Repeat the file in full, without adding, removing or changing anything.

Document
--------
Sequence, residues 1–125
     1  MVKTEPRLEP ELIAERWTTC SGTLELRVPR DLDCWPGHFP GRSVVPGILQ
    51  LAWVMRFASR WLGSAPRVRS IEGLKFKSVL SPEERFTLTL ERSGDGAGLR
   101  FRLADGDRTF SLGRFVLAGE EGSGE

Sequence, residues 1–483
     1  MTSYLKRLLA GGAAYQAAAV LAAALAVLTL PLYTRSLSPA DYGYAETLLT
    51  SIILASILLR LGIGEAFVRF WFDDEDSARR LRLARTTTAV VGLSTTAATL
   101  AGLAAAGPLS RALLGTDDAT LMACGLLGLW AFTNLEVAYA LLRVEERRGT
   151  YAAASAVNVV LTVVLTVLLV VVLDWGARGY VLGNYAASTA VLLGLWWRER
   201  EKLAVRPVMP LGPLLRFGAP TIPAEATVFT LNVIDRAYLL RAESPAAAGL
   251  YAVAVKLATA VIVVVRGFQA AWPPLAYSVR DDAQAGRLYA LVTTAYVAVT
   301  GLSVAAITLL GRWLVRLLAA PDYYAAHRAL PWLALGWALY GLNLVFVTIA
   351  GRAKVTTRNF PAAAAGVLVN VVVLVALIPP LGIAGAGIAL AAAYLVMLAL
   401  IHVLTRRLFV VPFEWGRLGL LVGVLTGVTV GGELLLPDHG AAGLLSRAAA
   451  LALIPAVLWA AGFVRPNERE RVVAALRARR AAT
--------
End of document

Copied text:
Sequence, residues 1–125
     1  MVKTEPRLEP ELIAERWTTC SGTLELRVPR DLDCWPGHFP GRSVVPGILQ
    51  LAWVMRFASR WLGSAPRVRS IEGLKFKSVL SPEERFTLTL ERSGDGAGLR
   101  FRLADGDRTF SLGRFVLAGE EGSGE

Sequence, residues 1–483
     1  MTSYLKRLLA GGAAYQAAAV LAAALAVLTL PLYTRSLSPA DYGYAETLLT
    51  SIILASILLR LGIGEAFVRF WFDDEDSARR LRLARTTTAV VGLSTTAATL
   101  AGLAAAGPLS RALLGTDDAT LMACGLLGLW AFTNLEVAYA LLRVEERRGT
   151  YAAASAVNVV LTVVLTVLLV VVLDWGARGY VLGNYAASTA VLLGLWWRER
   201  EKLAVRPVMP LGPLLRFGAP TIPAEATVFT LNVIDRAYLL RAESPAAAGL
   251  YAVAVKLATA VIVVVRGFQA AWPPLAYSVR DDAQAGRLYA LVTTAYVAVT
   301  GLSVAAITLL GRWLVRLLAA PDYYAAHRAL PWLALGWALY GLNLVFVTIA
   351  GRAKVTTRNF PAAAAGVLVN VVVLVALIPP LGIAGAGIAL AAAYLVMLAL
   401  IHVLTRRLFV VPFEWGRLGL LVGVLTGVTV GGELLLPDHG AAGLLSRAAA
   451  LALIPAVLWA AGFVRPNERE RVVAALRARR AAT